I just finished reading the book and it wonderfully captures your attention to various aspects and features of leadership and human values. Disney has been solely responsible for giving great memories for children of the world through its various characters and Disneyland theme parks. Robert Iger, through this book has conveyed his journey as CEO of a wonderful organization.
What I liked the most is plain candidness of Bob Iger through which he messages all the hardships be it personal or professional about the role he was playing in Disney journey. The book opens with an electrifying account of a 24-hour period in which Iger kept multiple balls in the air dealing with Chinese officials and all the complex moving pieces of launching Shanghai Disneyland, while simultaneously responding to the mass shooting at Pulse nightclub in Orlando where Disney cast members counted among the victims. Just before the ribbon cutting ceremony in Shanghai, he learns Disneyland House of Blues was the terrorist’s original target. Then he is told an alligator has killed a 2 year-old boy at the park in Florida and immediately reaches out to the parents. This particular episode touched my heart because, not only did this episode was marking a milestone in his professional life but also showcasing the empathetic part of this persona.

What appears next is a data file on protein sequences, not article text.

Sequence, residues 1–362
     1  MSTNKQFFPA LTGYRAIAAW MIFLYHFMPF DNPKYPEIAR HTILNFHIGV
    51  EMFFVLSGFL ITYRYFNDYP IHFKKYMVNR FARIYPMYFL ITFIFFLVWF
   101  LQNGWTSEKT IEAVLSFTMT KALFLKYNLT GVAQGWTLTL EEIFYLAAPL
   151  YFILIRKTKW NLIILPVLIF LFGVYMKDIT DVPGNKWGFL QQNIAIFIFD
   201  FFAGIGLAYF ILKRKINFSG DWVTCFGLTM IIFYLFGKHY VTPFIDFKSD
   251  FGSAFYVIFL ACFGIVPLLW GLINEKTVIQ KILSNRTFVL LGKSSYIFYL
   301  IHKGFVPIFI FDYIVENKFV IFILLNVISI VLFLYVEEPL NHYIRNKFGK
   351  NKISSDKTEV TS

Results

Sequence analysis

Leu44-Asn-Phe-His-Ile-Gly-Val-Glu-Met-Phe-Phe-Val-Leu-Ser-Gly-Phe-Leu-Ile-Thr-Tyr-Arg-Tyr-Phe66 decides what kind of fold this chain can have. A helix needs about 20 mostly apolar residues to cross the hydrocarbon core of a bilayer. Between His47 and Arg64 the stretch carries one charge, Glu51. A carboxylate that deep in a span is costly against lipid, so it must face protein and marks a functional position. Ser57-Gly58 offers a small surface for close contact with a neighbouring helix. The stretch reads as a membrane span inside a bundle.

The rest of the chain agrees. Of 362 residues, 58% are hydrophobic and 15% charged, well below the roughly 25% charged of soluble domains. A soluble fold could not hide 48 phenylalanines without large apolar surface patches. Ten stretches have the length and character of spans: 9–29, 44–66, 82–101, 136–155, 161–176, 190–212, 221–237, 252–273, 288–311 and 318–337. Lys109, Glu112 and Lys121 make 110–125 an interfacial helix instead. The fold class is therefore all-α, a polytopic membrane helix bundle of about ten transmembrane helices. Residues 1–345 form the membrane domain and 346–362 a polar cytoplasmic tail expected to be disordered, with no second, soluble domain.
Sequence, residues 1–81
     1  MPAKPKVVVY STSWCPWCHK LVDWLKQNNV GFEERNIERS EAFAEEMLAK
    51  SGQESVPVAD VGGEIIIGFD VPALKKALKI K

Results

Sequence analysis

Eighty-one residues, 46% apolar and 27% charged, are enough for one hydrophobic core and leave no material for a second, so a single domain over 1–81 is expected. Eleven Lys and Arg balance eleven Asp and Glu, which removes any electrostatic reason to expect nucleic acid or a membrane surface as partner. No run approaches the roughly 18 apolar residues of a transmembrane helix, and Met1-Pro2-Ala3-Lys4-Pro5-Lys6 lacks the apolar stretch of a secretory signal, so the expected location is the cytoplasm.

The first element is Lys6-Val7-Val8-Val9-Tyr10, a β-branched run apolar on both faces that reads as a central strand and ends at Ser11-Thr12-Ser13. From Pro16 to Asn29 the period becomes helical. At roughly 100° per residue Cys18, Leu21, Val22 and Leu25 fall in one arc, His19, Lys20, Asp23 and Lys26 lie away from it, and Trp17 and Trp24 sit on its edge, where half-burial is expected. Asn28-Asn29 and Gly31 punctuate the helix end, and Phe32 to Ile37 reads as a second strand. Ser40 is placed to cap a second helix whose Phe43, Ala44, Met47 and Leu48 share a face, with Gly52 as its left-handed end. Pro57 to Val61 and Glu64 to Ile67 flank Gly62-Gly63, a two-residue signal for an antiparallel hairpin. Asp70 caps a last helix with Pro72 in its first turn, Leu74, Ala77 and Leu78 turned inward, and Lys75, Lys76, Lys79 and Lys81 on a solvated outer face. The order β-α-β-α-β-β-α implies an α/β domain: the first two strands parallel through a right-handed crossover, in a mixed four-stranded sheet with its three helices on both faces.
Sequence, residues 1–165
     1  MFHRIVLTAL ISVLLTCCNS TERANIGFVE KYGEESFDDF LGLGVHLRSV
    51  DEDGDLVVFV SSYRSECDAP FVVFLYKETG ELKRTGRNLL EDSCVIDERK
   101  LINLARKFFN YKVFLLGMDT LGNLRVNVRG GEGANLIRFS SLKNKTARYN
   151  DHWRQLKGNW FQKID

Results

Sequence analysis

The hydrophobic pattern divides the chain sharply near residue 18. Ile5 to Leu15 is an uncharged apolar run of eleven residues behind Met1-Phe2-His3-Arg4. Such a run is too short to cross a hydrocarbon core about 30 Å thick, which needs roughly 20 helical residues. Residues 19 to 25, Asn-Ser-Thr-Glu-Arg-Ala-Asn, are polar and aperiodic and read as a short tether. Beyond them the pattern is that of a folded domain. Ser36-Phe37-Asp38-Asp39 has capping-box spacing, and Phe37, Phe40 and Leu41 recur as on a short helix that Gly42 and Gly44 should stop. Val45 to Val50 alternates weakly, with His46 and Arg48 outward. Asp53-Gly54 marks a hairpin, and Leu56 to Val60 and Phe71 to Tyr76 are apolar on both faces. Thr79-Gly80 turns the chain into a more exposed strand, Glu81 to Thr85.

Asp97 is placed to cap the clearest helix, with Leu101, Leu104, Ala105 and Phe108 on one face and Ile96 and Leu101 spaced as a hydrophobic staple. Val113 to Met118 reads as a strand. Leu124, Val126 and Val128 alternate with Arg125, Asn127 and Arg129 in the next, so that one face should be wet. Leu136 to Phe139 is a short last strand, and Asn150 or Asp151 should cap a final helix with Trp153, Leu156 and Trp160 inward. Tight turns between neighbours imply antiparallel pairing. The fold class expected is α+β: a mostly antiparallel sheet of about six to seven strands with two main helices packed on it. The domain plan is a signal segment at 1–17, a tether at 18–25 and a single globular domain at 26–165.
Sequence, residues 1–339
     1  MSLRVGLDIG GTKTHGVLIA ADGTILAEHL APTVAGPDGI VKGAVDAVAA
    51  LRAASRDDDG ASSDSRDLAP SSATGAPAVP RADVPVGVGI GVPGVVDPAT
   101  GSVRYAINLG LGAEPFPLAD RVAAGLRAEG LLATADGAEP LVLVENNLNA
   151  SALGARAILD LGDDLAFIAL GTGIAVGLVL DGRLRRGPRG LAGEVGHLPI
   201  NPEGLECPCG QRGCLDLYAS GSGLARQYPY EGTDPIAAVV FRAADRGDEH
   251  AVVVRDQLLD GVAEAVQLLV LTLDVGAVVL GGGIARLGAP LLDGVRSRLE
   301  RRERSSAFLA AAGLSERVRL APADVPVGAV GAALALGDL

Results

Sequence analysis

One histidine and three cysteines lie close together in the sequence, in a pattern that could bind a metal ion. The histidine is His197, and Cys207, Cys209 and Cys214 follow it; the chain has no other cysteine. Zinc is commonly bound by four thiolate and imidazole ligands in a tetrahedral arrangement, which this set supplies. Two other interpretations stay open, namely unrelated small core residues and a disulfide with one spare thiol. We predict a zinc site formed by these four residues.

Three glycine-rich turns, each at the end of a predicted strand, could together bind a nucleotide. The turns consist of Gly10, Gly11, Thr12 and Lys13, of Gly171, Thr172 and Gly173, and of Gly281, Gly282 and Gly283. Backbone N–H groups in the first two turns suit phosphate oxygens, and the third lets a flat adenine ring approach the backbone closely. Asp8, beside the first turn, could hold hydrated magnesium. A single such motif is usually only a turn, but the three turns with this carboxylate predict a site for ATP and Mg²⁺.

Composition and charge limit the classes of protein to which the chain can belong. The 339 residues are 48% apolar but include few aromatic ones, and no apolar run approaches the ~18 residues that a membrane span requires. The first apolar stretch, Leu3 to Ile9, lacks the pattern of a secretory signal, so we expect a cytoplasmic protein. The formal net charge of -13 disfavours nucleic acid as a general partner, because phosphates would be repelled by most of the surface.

The book swiftly moves into various part of his professional life and talks about the transformation journey of one of the biggest and most loved brands on the planet. Bob Iger shares his visions and learning through his career, Bob Iger gives a management lesson, with actionable best practices for leading creative teams, negotiations involving people’s legacies and how to create valuable brands in a technological and global world.
Robert Iger touches upon his interactions with Steve Jobs multiple times in the book. As we know, Steve Jobs has been one of the creative pioneers of this generation. While acquiring PIXAR, Iger interacted with Jobs many times. These interactions swiftly moved from just being professional to deeply personal. The books talks about the influence of Jobs on Iger’s personal and professional journey as an executive managing the most creative business of the planet.
What I personally found lacking in the book was mention about episodes within the company. Most of the dialogues or interactivity mentions about the top executive of the Disney and various acquisitions which Disney has embarked upon in last few years. May be, more episodes from the production floors and theme park episodes could have been included. The acquisitions have led one of the biggest transformations in the world of entertainment and animation, but more human aspect of integration could have been included in the book.
In the end to summarize, I really enjoyed this book and recommend to read it cover-to-cover! The book prompts you to think about leadership in corporate setting and makes you understand the leader a bit better.
With this, the book will go back into my personal collections. Please do let me know if you need to borrow.